I do want a holiday in February, however, I do not want to commemorate dead prime ministers. How lame and what are we copycats of our noisy neighbour to the south with the nuclear bomb in his garage? Let's do something Canadian eh? How about Beaver Day or Midwinters' Day or Chinook Day as suggested by Peter Gzowski. I am not so sure I want to celebrate dead prime ministers. There are many people who contributed to the service of our country, and to making it a great place. To single out this group seems to me to be a bit shallow. And they are not a true representative of what our country is - they are a bunch of dead white men - not what my country is. So let's think about it and look at what we really want to celebrate about this great country called Canada.
Brenda Lee Kyle
Vancouver, B.C.

I believe that we should have a day to represent or greatest prime minister ever. Mr Trudeau. He was a great man and did a lot for this country. He should have a day for us to remember him.
A.E.
Newfoundland

I don't pick one Prime Minister in particular but think that we should have a national holiday to commemorate them, the same as President's Day.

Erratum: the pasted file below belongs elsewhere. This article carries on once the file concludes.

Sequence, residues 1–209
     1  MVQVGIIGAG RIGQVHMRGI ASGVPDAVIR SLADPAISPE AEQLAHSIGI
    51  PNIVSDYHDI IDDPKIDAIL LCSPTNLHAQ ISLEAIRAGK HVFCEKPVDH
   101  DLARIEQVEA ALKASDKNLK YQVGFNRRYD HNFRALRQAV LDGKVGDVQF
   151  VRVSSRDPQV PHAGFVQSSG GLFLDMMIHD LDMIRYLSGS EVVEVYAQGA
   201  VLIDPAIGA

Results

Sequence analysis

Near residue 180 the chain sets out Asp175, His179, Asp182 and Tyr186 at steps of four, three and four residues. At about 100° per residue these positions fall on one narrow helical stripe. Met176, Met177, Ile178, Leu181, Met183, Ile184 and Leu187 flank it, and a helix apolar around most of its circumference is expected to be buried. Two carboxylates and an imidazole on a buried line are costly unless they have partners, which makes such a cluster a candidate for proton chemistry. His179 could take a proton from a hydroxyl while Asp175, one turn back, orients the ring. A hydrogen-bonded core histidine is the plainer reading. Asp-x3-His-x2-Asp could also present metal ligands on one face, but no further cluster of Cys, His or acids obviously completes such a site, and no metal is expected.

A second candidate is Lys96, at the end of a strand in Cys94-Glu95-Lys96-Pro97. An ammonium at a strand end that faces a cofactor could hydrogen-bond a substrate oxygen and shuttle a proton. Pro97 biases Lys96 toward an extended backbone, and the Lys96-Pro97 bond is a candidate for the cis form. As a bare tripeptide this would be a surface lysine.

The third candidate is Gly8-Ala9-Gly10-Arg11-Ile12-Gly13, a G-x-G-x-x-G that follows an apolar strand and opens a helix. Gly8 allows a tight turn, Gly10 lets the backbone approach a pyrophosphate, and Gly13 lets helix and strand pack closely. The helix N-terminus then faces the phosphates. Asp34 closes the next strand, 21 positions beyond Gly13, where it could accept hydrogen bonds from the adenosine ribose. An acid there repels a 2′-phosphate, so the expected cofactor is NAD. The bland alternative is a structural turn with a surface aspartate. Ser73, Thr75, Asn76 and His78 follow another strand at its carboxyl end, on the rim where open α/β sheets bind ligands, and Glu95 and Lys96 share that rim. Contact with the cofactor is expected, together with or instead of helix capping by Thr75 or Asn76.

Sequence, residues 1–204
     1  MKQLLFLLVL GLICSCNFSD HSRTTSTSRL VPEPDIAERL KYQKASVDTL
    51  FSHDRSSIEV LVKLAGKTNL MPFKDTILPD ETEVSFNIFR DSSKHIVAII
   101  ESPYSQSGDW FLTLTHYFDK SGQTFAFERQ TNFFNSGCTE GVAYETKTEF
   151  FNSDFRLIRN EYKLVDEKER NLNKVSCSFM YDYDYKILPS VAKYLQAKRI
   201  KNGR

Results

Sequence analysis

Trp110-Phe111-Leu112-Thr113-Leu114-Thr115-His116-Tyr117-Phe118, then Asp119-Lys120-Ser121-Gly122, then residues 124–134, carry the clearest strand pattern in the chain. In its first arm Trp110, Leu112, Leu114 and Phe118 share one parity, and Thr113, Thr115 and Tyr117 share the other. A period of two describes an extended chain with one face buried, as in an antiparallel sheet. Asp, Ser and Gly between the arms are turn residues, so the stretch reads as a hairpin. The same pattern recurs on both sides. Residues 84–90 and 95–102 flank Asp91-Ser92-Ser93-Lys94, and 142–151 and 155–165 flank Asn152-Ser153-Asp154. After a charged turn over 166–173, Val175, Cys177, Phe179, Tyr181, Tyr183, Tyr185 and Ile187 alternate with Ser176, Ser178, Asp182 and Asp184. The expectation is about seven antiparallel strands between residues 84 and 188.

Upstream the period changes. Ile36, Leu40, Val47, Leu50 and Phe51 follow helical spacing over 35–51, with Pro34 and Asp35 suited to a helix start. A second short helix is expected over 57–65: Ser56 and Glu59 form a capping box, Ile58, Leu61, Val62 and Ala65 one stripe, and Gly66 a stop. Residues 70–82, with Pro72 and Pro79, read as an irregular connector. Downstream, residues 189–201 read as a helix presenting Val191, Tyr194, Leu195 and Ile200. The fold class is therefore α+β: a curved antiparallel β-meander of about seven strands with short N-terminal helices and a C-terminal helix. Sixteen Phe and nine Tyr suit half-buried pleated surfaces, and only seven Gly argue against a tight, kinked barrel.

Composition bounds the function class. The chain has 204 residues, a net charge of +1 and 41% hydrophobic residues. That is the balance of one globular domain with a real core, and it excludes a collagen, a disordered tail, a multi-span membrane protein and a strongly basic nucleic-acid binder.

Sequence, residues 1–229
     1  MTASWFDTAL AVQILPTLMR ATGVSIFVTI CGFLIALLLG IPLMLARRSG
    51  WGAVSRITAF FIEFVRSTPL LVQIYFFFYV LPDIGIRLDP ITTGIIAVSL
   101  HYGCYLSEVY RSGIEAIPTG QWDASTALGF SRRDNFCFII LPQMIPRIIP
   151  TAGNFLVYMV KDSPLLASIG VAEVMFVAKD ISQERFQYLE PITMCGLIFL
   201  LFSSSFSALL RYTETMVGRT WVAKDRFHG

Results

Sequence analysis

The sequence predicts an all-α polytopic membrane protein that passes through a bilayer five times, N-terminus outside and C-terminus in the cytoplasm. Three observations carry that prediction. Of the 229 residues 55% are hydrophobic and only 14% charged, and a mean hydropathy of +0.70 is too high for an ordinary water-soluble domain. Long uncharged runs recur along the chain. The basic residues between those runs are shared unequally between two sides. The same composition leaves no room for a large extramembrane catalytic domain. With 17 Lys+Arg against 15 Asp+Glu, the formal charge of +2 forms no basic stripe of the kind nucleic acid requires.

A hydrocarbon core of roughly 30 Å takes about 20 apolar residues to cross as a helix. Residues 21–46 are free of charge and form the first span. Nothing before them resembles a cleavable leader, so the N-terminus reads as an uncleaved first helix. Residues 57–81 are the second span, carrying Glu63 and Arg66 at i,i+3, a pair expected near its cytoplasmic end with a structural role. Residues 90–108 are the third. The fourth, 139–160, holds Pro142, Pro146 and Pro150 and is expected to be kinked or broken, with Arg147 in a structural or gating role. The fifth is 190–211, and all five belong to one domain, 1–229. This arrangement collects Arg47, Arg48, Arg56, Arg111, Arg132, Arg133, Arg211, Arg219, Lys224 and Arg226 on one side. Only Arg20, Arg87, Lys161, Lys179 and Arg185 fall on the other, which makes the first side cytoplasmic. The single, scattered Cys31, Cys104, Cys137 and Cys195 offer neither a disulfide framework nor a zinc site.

M. Smith

Prime Minister Chretien. He does the job and doesn't care what the media or others think about him. He's up front and tells you the truth whether you want to hear it or not.
Norma Crawford

I think former prime minister King is my favorite premier due to his radical behavior and his good works. I want to vote yes for a special holiday in Feb.
R.M.A.

You say that Pearson gave us the flag, he did, but why did we get stuck with Liberal colours? With the existing design the appropriate colours, to still retain the red, white and blue for historical purposes would have been a blue bar on each side to represent 'ocean to ocean' a white band between them to represent the 'Arctic' and a red maple leaf in the middle. The small-minded acts of our politicians is infuriating at times, this takes the cake.
Tom Brason

I would like to remind you that our just-departed Peter G. wanted to call a long-weekend in February the Chinook. While it will likely be easier to actually have the holiday passed in Parliament if it is named after an ex-Prime Minister, I personally believe a more neutral approach be taken and support the naming of the weekend as the Chinook.
Tracey Macdonald

Do we have to follow the U.S. in everything? Can we not just have a holiday? I think honouring our Prime Ministers is a fine idea but can we not do it some other time? Does it have to be so - blatantly - American?
Deb Marshall

I vote to have a national holiday in February. It is a long cold winter stretch between Jan 1st and Easter. It would greatly relieve much stress, and give Canadians a much deserved winter day off to look forward to. The tourist industry would also be given a boost. It wouldn't hurt the majority of employers, they would probably welcome the increase in staff morale during the long winter months.
Catherine North
Chatham, Ont